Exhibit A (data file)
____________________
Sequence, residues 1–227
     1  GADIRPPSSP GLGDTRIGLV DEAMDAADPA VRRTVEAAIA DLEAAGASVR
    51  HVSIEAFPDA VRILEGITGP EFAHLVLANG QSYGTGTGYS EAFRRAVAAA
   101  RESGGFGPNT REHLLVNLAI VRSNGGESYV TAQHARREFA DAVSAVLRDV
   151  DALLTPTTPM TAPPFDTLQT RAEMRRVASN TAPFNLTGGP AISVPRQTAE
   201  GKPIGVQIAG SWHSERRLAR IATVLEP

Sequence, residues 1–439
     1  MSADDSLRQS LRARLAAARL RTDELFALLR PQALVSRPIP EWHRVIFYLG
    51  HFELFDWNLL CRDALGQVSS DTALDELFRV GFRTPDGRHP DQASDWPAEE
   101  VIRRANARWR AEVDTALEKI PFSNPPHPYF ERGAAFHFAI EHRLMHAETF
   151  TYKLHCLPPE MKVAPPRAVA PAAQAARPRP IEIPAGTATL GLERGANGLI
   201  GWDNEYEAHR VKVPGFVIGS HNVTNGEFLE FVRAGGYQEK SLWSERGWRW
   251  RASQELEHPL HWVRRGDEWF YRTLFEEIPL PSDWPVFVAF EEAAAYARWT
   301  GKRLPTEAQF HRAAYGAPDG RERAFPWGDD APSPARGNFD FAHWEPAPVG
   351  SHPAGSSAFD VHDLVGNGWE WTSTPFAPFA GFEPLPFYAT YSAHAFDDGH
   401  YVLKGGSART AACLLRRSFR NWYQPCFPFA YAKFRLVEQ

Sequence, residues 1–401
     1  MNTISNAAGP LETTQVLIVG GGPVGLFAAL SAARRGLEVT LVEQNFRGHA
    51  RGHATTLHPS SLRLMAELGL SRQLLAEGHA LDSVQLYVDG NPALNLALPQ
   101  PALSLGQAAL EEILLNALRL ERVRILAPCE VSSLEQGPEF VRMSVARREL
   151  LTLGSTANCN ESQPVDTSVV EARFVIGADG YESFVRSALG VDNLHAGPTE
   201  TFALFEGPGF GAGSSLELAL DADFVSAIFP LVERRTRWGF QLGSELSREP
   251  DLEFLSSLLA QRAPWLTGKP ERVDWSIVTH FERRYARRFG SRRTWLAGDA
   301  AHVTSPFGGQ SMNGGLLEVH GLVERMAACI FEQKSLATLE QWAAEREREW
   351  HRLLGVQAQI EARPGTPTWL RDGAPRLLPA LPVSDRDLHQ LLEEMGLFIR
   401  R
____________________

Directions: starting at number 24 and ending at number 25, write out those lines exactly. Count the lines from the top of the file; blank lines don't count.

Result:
   301  AHVTSPFGGQ SMNGGLLEVH GLVERMAACI FEQKSLATLE QWAAEREREW
   351  HRLLGVQAQI EARPGTPTWL RDGAPRLLPA LPVSDRDLHQ LLEEMGLFIR